I was at the Magenic Code Mastery event in Atlanta this past weekend, and during the Q&A time I asked about using 2-tier or 3-tier deployment for a CSLA app that runs with about 400 concurrent users, in a Windows/AD environment, with most users on the LAN. Rocky mentioned that in this particular scenario, 2-tier would probably be best because the DB servers these days are quite efficient and powerful enough to service this load (unlike 10+ years ago). He also mentioned that for our 100 or so users who are on the WAN it would be beneficial to deploy as 3-tier, since they would be hitting the app server that sits next to the database server.
After I left, I realized I didn't quite understand how this translates into better performance and wanted to ask (I realize this isn't strictly related to CSLA):
Since CSLA objects are mobile, and those objects are serialized and sent over the wire to an app server so that they can be re-created and then interact with the database, is the benefit in 3-tier on a WAN due to those objects being smaller in size than the amount of data that would be sent to the DB server directly when running in 2-tier mode? Or is there something else that accounts for the benefit in running a 3-tier deployment when users are on the WAN?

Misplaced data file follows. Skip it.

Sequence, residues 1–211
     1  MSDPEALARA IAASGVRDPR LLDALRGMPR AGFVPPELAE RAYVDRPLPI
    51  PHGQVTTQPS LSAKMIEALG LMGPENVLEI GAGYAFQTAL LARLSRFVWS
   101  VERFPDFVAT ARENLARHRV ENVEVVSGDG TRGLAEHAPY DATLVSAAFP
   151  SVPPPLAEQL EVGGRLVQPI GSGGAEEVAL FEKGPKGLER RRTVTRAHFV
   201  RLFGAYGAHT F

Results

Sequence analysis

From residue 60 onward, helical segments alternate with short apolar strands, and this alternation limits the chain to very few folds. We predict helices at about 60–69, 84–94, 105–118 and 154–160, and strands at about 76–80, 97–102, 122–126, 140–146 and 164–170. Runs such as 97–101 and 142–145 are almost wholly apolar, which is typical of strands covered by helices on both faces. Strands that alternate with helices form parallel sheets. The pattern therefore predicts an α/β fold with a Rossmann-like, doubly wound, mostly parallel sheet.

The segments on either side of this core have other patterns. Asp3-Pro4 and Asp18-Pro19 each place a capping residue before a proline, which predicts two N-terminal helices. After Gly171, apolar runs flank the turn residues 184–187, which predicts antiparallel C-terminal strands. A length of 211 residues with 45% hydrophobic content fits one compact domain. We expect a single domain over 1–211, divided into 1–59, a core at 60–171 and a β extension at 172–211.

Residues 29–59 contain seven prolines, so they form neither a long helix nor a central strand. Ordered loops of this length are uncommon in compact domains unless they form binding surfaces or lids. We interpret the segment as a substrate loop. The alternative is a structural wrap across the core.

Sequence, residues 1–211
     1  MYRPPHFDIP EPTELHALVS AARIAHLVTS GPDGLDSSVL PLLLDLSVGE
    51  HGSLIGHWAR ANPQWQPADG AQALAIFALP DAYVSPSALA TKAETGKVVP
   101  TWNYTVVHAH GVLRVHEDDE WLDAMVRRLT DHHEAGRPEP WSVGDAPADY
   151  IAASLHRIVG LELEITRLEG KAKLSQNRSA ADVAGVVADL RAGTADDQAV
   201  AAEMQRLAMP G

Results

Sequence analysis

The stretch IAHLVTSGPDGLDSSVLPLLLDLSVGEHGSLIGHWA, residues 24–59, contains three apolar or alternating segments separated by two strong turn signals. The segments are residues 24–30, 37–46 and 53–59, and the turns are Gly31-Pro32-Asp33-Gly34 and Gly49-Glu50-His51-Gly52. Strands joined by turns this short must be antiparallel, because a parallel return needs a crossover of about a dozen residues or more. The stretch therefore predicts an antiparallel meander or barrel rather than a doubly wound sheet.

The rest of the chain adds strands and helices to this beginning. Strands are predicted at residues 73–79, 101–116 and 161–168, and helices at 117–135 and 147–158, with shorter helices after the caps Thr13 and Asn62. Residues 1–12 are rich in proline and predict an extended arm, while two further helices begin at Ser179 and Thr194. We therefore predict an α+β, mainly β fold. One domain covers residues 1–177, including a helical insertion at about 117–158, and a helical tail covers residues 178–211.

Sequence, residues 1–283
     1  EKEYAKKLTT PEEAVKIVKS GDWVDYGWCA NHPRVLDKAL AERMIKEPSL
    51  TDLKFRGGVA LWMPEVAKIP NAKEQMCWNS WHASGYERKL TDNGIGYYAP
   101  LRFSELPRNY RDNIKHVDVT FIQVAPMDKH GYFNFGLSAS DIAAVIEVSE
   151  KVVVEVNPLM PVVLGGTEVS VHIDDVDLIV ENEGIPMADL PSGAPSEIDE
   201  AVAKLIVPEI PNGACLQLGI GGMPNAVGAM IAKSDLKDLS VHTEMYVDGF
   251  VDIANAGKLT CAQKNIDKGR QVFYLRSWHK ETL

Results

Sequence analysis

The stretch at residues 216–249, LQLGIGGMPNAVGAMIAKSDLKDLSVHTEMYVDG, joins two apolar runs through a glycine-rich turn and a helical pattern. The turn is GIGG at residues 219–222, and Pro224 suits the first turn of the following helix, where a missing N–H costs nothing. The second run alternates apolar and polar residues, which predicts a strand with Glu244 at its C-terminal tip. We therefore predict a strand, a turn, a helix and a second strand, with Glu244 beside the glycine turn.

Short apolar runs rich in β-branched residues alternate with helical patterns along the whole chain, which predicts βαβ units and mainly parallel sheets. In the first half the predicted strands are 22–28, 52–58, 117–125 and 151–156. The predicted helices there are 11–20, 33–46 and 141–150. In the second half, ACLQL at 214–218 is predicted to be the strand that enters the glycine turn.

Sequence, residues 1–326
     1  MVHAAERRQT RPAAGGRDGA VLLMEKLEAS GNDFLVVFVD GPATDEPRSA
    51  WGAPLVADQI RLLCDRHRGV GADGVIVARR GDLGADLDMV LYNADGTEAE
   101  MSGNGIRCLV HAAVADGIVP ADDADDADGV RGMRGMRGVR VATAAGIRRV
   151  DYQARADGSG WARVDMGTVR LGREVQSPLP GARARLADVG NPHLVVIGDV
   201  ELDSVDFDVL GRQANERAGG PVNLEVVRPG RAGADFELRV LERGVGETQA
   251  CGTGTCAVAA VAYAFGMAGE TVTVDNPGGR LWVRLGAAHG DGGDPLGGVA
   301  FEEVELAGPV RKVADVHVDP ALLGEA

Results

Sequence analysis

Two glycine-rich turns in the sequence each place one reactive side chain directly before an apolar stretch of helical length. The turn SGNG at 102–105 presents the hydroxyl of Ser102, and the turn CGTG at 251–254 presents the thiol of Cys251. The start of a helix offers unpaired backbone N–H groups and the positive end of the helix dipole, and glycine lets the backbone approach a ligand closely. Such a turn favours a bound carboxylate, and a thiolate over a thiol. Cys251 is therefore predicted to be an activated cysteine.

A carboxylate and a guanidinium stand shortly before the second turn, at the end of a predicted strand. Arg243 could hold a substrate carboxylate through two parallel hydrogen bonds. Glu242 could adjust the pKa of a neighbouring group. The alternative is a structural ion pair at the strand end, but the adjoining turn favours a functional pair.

In a 2 tier the client talks directly to the database.
Imagine saving 100 rows of data on a WAN in a 2 tier vs 3 tier model:
2-tier: make 100 sql calls to the database using a database connection and handles transaction(s) over a potentially slow line or
3: tier: make 1 call (Save) to the server and the server makes 100 sql calls and handles transaction(s) on the LAN to the database.
Plus Sql connections use custom ports that are typically not open/available to the outside world whereas http/https typically is.
You would not even need to have the database client software installed on the clients.
So from a communications perspective (ports and protocols), to avoid "chatty" direct sql connection and simpler software distribution are all advantages in a 3-tier scenario.
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